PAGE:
After Tropical Cyclone Haiyan had struck Vietnam, Tropical Storm Podul was supposed to be an easier ride. But the tropical depression left in the storm’s wake has dumped huge amounts of rainfall on Vietnam’s central provinces, leaving several people dead and thousands homeless.
As much as 700mm of rain fell in 24 hours between 14 and 15 November in Quang Ngai province. Other areas, particularly the central provinces, saw between 300mm and 600 mm.
Earlier today, official reports from Vietnam’s state media claim that at least 5 people have been killed, and that 64,500 people had to be evacuated from their homes in Quang Ngai province, and a further 4,000 in Quang Nam province.
More recent media reports say that as of today, Saturday 16 November 2013, as many as 18 people have now been killed in the floods, with a further 7 people missing.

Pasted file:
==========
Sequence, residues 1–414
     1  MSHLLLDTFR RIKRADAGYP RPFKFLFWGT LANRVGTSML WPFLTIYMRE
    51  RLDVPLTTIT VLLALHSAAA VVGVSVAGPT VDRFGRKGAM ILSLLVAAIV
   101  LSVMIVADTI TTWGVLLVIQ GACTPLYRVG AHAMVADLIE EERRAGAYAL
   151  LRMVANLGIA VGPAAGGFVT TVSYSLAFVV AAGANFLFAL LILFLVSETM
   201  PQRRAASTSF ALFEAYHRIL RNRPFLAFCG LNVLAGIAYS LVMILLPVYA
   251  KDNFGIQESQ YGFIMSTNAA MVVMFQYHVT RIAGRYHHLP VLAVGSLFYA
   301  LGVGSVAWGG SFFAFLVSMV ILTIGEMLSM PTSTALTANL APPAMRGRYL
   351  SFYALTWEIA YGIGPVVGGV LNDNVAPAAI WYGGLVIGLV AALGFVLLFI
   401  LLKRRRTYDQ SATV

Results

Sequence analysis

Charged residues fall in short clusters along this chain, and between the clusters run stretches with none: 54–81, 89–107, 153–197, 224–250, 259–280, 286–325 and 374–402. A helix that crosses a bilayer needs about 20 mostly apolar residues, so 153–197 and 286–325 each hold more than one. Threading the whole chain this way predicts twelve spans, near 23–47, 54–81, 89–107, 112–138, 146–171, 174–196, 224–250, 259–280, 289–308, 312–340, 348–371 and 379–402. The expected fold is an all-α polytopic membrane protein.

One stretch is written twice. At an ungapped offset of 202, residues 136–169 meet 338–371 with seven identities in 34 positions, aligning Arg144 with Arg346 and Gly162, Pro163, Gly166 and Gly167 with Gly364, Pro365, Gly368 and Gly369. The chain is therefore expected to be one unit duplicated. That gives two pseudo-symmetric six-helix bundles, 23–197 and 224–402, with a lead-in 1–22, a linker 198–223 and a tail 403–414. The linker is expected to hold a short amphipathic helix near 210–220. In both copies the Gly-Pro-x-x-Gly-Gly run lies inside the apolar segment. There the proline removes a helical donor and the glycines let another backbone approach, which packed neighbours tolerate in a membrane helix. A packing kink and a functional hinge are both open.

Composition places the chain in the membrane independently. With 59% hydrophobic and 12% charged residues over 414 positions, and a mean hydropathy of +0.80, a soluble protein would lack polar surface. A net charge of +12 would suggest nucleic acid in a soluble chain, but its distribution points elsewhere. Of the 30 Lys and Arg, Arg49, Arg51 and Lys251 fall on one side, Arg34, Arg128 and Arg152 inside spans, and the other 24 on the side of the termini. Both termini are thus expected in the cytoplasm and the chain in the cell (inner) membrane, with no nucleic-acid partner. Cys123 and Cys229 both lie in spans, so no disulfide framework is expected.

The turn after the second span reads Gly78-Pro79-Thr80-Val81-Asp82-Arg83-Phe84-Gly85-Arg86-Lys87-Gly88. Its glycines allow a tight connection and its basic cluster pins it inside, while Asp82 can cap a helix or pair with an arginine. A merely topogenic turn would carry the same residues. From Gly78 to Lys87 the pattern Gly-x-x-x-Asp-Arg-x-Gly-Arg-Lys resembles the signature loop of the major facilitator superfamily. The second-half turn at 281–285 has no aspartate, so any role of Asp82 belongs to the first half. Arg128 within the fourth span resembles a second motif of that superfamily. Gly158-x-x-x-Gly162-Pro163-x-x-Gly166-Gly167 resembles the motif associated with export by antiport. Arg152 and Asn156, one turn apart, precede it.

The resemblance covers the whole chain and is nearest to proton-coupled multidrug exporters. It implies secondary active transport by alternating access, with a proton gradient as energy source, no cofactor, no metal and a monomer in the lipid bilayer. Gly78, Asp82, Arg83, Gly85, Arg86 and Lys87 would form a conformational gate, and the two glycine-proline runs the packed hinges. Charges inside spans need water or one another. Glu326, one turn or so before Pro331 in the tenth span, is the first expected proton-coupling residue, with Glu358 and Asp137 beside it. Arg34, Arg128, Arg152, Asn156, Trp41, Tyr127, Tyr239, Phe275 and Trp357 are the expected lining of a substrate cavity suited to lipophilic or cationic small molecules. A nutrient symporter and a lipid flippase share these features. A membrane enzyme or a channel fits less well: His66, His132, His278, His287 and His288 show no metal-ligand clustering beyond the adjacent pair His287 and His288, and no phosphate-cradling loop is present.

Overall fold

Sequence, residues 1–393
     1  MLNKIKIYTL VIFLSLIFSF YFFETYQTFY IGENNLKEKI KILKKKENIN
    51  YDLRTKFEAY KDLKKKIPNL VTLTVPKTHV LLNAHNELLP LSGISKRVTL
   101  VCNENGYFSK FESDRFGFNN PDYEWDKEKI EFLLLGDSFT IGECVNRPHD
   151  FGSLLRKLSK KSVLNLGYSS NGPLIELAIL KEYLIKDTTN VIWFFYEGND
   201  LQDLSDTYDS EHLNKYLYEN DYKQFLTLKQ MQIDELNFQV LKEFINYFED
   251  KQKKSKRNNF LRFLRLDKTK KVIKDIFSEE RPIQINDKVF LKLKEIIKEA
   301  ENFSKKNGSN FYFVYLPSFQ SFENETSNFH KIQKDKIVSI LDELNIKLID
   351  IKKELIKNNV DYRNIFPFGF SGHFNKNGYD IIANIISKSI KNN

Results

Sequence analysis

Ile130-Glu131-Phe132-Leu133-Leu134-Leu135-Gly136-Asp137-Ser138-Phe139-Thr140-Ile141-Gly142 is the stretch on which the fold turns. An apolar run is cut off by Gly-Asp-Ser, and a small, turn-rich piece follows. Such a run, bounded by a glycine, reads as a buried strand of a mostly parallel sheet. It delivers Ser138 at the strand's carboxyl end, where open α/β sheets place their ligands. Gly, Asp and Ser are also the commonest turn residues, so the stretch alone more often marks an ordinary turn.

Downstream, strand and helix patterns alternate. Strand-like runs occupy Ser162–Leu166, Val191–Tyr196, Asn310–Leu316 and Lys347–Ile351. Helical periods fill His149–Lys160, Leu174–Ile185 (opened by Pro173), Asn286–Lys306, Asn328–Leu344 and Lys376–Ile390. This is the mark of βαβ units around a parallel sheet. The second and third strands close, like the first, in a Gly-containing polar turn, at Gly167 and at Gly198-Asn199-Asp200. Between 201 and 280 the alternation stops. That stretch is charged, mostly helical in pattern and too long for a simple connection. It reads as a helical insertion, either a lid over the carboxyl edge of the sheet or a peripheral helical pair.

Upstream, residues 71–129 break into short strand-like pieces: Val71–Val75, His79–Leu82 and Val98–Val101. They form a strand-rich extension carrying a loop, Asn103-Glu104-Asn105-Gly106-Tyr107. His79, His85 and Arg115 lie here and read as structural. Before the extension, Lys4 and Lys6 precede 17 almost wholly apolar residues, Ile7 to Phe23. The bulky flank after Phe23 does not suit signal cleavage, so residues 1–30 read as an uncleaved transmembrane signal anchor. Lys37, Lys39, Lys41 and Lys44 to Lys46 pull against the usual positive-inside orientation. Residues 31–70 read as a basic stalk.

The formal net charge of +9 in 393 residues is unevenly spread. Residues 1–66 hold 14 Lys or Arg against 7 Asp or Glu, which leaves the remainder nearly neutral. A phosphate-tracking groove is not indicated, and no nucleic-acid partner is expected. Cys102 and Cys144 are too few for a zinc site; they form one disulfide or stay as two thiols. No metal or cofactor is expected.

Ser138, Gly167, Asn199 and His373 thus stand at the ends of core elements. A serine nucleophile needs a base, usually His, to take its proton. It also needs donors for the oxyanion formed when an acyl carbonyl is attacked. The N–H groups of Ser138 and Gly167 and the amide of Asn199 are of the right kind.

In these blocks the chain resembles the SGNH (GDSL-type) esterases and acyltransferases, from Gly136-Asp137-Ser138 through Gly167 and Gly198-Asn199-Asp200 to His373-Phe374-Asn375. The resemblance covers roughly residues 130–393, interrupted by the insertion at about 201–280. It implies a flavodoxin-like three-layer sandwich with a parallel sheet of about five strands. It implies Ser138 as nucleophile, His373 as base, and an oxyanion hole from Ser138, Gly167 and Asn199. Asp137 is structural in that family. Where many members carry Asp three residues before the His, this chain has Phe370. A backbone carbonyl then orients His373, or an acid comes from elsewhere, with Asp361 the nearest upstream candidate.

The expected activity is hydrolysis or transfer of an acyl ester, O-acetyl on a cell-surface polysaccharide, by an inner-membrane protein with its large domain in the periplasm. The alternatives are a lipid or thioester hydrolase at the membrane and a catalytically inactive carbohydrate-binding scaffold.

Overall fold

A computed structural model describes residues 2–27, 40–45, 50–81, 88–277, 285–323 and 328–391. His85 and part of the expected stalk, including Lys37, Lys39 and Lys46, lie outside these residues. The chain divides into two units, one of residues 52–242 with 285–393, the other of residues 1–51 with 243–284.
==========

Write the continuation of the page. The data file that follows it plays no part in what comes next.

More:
Seven people have now been reported as killed in the floods in Quang Ngai Province. Six deaths have been reported in Binh Dinh Province. Among the victims elsewhere are 2 women teachers who were drowned after being swept away by flood water in Khang District of Gia Lai province. A woman was killed in Dak Nen District, Kon Tum Province, after she was swept away in raging flood waters.
The torrential rainfall over the last 24 hours has brought rivers to dangerous levels. The Ba River in Gia Lai province, for example, was standing at 41cm higher than previous record high in 1981. In fact local authorities claim that the river level is 2.39 meters higher than alarm level 3.
Heavy rainfall and overflowing rivers have flooded towns and villages. Quy Nhon City in Binh Dinh Province is reportedly seeing as much as 30cm of flood water in the street. Landslides always become a major concern after heavy rainfall, especially in Vietnam’s Central Highland region. Many roads, including Highway 19, have been blocked or damaged, leaving some of the villages cut off from the outside world.